for who they really are and too often can only recognize imagined versions
of them. This in turn has serious implications for how Native Americans
come to know themselves and appreciate images of themselves.
Your readers should be informed and reminded about the reasons for Native
American ambivalence about these images, the long lasting effects of government
boarding school education designed to "take the Indian out of the Indian"
and to make Indians ashamed of who they were.
For all the
pretense that these images are harmless, we are left to wonder at how much
good these images have done over time. Why is it that the very school
systems that so enthusiastically embrace American Indian imagery for sport
teams more than any other racial or ethnic group are places where American
Indians meet with widespread difficulty and failure. It is the case
that American Indian children are among the highest risk students in school
systems today, dropping out in alarming rates.
As an organization,
you demonstrated that you find nothing wrong with these stereotypes given
the way the article is visually presented to the public. Out of the
six pictures you elected to publish, five of them are of Indian stereotypes
or fans engaging in stereotypical behavior with the remaining one
being the Stanford tree. None of them are of a Native American.
If you genuinely wished to offer a balanced perspective, why are the stereotypes
the only images readers see instead of Billy Mills or Mary Gross or Suzan
Harjo? If you genuinely wished to offer an even-handed perspective,
why were there no images of Native Americans being spat upon or harassed
for protesting against these stereotypes or being handcuffed and thrown
in jail for protesting (which has happened on more than one occasion, as
a case in point, at Jacobs Field in Cleveland)? Of course, the answer
to this question is that the imagery you selected made "good copy"; that
the imagery is consistent with the goal of the magazine not only to inform
but to entertain. And by doing so, you have exploited Indians as
they have so often been exploited.
From the start
of the article, it is clear that Mr. Price will not seriously engage anti-Indian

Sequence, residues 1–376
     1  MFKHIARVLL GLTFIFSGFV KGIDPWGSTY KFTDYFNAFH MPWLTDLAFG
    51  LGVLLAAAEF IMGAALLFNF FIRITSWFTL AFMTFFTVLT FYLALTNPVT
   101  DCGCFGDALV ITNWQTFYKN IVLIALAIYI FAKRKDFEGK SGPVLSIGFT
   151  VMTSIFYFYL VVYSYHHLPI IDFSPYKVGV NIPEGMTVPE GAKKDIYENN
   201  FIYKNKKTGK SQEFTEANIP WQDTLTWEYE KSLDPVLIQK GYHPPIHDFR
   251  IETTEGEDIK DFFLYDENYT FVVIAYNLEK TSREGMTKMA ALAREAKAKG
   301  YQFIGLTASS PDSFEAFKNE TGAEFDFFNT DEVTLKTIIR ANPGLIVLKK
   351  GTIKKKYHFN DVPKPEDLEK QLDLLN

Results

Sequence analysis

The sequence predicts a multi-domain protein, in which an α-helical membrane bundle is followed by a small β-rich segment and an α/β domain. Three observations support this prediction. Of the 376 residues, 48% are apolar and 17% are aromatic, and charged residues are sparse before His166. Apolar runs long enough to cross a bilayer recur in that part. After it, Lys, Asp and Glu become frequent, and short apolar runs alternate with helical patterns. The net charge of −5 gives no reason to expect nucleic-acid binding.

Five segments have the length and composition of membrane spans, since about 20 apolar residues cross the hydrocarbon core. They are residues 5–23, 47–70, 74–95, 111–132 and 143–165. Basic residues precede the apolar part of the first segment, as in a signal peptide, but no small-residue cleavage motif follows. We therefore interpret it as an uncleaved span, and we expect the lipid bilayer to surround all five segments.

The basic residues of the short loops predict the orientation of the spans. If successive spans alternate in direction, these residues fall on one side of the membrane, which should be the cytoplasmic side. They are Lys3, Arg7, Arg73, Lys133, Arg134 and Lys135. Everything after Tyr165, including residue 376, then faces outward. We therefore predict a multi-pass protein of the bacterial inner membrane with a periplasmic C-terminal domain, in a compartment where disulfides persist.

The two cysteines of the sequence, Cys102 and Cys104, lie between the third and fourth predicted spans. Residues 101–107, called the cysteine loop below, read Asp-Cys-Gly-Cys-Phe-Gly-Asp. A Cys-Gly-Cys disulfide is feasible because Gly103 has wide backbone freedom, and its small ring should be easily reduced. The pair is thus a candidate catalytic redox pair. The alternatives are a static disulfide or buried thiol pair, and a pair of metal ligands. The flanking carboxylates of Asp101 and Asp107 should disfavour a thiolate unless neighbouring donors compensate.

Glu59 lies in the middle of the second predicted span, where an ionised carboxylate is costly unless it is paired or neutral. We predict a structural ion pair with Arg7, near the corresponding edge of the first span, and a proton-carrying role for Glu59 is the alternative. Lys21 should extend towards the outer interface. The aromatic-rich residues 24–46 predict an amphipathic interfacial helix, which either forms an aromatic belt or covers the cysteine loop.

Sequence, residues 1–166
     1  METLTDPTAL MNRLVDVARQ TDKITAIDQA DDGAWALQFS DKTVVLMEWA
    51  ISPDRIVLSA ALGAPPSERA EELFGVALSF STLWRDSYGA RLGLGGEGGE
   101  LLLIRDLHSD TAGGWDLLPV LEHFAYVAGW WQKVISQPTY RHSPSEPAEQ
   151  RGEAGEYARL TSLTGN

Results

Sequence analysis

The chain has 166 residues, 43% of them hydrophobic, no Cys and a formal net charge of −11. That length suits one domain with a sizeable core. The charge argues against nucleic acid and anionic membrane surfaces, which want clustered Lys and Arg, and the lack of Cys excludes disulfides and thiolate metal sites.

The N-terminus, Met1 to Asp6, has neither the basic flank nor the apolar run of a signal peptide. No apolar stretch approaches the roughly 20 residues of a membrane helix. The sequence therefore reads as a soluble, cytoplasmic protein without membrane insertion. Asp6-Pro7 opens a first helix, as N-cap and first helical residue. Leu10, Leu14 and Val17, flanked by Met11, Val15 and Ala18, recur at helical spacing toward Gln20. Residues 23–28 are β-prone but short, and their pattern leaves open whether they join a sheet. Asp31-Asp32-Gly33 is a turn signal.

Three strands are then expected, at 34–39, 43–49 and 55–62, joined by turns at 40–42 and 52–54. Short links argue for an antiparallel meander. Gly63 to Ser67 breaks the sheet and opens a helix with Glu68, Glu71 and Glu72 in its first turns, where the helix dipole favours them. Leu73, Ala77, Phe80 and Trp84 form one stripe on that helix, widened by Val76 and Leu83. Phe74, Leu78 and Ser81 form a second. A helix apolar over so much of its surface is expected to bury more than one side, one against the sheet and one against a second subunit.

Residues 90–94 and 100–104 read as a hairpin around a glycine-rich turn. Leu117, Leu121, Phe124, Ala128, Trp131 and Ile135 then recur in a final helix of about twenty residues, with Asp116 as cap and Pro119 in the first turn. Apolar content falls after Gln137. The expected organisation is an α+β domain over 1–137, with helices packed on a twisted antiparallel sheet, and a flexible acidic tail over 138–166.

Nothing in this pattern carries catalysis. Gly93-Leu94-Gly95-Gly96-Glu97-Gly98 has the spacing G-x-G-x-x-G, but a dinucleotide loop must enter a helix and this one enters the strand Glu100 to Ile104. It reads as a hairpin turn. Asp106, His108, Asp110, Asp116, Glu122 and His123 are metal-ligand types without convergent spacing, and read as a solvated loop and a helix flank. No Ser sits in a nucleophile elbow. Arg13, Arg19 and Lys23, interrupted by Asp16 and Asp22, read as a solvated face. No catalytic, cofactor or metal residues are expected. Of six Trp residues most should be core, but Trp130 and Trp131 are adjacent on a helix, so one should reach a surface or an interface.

racism. Billy Mills' experience is trivialized because the participants
have differing understandings of the racially pejorative term, "Chief."
If an African American athlete had a similar experience would Sports
Illustrated or its readers so easily set aside race? Indeed,
why does Price not detail the terror often associated with mascots: the
intimidation and humiliation many Native Americans experience in association
with mascots, the terror invoked as supporters post anonymous flyers threatening
critics or more commonly when they wear tee shirts emblazoned with dehumanizing
words and images, such as the Sioux Suck and worse in North Dakota?
history, race, and terror, Sports Illustrated has done much to legitimate
the tyranny of the majority and, we fear, advance dangerous notions of
race and entitlement. It has suggested that if members of marginalized
and oppressed groups consent to their marginalization and oppression, then
such images and names are okay. If the majority endorsed segregation
and its consequences during the Jim Crow era would they be acceptable?
If blacks supported slavery would it be a justifiable institution?
If Jews saw nothing wrong with the Third Reich would we not still want
to suggest its actions were reprehensible and problematic? Unfortunately,
in the end, "The Indian Wars" encourages Americans to avoid thinking critically
about the history and significance or race.
could go a long way toward redeeming itself and toward taking accountability
for this article by asking leaders like Billy Mills and Charlene Teters
to offer a rebuttal or response to this article in an upcoming edition.
C. Richard King
Ellen J. Staurowsky, Ed.D.
List of sociologists and sport sociologists from the United States and
Canada who endorse this statement/essay
D. Stanley Eitzen
Michael D. Giardina
Cynthia A. Hasbrook, PhD
Kathleen Kinkema, PhD
Michael Sagas, EdD
Earl Smith, PhD
Richard M. Southall, EdD
Charles Fruehling Springwood
Gwen N. Griffin, PhD
Dr. Sally Emmons-Featherston
Mary Sasse, PhD
Susan B. Richardson
Drucilla Mims Wall
Paulette F. Molin
David Anthony Tyeeme Clark
Dr. MJ Hardman